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A little about myself

  When I first got into astronomy, I was just a young child. A friend of mine introduced me to Saturn through his 60mm refractor, and I've been captivated ever since. I started reading astronomy books from the library and couldn't get enough. A year later, my parents bought me my first telescope, the renowned Dynascope RV-6, a classic 6" f/8 reflector. Over the past 50 years, I've observed the skies with telescopes ranging from 2.4” to 48”. These days, my main focus is on exploring lesser-known deep sky objects, including those found in the VV catalogue of interacting galaxies, galaxy trios, Shakhbazian galaxy groups, and flat galaxies. My current telescopes range from 22” to 30”, allowing me to delve even deeper into the wonders of the universe.

Star Hopping Methodology

   I have a strong preference for star hopping and have honed my skills over the years. Some of my friends are amazed at how quickly I can locate objects using just a zero-power finder and my 24mm Panoptic eyepiece. I attribute my proficiency to experience. While I have experimented with digital setting circles (DSCs), I found that using traditional star charts and techniques for star hopping is actually more efficient for me. Since most of the objects I observe are not in the preloaded catalog of DSCs, manually entering the coordinates can be quite laborious.

  My primary approach involves initially centering the object with the zero-power finder (Telrad or Rigel QuikFinder) using appropriate star charts and then further refining the centering using a low-power eyepiece, such as my 24mm Panoptic. Once centered, I often increase the magnification to at least 230x, and sometimes even higher. Observing at medium to high power allows me to capture details that might be missed at lower powers. For instance, tight galaxy pairs, trios, or groups may require high magnifications to distinguish individual components. I find myself observing between 230x and 500x more than 90% of the time.

Observing Methodology

  I not only observe at high powers, but I also prefer to use very high contrast eyepieces. My current favorites are Orthoscopic eyepieces as I use those 90% of the time.  If I need to go wide field, I’ve found that the 72-degree TeleVue Delos is the best in class in terms of observing threshold objects and offers enough "wide-field". However, the wide field eyepiece goes in my focuser when I observe very star-poor regions, where very little if any field stars are visible at high powers.  There were several times when I was looking at something in Cetus or a star-poor region at 500+ power, I was getting lost due to the lack of field stars, so I had to pull back and throw in the Delos.  A bit more detail is in the Eyepieces section, which discusses which eyepieces I use and why.

  Once I’ve located the object, I generally observe at varying magnifications and note details visible.  Sometimes some detail is visible at higher powers and other detail at lower powers. My observing notes are generally a composite of what I see with varying magnifications.  Hence when I write my notes, I generally include not only the telescope and atmospheric conditions but the magnifications as well.  When I sketch objects, I generally observe at several magnifications, then sketch in the details as a composite of the different magnifications.  Since I observe at the edge a lot, I use different magnifications and mostly Orthoscopic eyepieces.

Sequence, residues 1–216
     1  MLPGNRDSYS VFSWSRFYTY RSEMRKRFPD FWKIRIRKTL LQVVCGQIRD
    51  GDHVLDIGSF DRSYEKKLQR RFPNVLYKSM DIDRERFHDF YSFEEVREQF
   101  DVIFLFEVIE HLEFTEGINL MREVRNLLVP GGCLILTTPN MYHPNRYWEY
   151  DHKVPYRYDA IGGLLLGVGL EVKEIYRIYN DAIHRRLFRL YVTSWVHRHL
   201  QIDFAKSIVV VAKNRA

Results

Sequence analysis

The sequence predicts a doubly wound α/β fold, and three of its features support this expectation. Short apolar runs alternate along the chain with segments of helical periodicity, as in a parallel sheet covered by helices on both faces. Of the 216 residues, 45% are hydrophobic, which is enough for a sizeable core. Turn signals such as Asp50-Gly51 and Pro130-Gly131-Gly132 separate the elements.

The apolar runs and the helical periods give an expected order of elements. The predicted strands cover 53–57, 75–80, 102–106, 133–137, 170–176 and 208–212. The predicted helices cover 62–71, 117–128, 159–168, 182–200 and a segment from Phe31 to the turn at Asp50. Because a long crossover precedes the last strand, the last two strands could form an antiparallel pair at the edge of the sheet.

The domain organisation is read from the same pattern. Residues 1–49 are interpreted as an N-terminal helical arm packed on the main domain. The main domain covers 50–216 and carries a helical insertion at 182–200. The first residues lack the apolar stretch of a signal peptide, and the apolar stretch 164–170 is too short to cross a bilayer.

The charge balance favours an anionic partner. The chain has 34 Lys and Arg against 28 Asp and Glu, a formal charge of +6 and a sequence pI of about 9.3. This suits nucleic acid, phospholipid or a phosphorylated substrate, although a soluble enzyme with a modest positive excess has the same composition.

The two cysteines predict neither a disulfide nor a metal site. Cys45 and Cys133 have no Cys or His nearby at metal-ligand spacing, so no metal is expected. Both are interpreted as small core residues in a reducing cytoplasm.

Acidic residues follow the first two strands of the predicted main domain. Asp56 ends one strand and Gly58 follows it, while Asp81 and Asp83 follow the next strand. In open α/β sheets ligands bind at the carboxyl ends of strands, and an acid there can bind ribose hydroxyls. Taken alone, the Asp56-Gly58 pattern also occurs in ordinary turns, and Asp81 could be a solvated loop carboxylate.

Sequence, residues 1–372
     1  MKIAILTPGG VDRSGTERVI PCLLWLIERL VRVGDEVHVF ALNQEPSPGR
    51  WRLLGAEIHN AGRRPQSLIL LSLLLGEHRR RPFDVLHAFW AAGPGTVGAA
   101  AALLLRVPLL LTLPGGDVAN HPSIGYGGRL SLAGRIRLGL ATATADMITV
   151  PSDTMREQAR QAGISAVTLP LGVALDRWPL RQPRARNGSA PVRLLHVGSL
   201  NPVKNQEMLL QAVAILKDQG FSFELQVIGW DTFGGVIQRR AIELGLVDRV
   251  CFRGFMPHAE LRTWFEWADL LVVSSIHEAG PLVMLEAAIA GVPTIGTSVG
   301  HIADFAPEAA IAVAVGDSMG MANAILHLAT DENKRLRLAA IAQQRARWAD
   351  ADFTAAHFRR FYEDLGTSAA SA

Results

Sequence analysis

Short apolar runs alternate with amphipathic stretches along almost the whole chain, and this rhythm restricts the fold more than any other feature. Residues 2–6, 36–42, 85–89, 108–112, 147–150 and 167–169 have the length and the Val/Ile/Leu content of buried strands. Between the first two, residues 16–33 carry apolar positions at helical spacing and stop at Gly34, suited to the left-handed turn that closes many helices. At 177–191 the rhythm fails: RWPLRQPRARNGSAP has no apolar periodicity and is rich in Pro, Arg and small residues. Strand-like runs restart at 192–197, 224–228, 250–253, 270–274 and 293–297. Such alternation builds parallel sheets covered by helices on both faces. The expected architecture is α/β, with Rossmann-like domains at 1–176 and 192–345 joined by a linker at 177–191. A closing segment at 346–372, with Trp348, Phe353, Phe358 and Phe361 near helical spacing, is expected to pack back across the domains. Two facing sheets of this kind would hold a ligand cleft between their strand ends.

Observing Sites

  Our observing sites are typically located in the Sierras of Northern California at 5,000 feet and higher, alongside other TAC and TAC-Sac observers. Our most frequently utilized site is situated at an elevation of 7,800 feet under NELM 7.0+ skies. Since my relocation to the Texas Hill Country, I have found that it takes at least 3 hours west to reach observing sites that offer skies equivalent to those in the high Sierras. Alternatively, I can travel 5.5 hours west and arrive at the world-famous Texas Star Party (TSP) site.

  As for major star parties, I regularly participate in the Texas Star Party, the Oregon Star Party, and the Golden State Star Party.

Telescope Building

  I don't just observe the skies, I also have a passion for constructing telescopes. Although I haven't built one since 2011, my most frequently used telescope is the 22” model that I built back in 1999. Over the years, I've crafted a variety of telescopes, with sizes ranging from 16” to 28” reflectors. You can find more details about the components in "Telescope Components" link on left.

Speaking at Major Star Parties

  I have had the honor of speaking at several major star parties when I was invited. However, due to work commitments, I had to decline some invitations to speak at other events. Some of the star parties or events where I have spoken include:

  • 2010 and 2012 Texas Star Party  – afternoon speaker
  • 2011 Oregon Star Party – evening speaker
  • 2009 Golden State Star Party – evening speaker
  • 2010 SVAS Star-B-Que – evening speaker
  • 2012 NCA speaker

There is one award that I was blown away when I received it.  The TSP Lone Star Award in 2009.  I was very shocked!  Thank you to the organizers of TSP.

Optics I use on the field and some commentary


  • 22" f/4  home-built reflector   I often find myself using this telescope the most because it's fairly light and highly portable. With its 22-inch high-end glass, I feel it strikes a good balance between aperture and portability. It's convenient to pack this telescope along with all my accessories and camping gear into my Volkswagen New Beetle (old vehicle) and now the BMW 330i. The primary was figured by the late John Hall of Pegasus Optics, resulting in a very fine figure. I've pushed it to 1200x with full aperture, and there was no image breakdown, meeting the 50x per inch quality guarantee. I've also been using the Crossbow Platform with great success!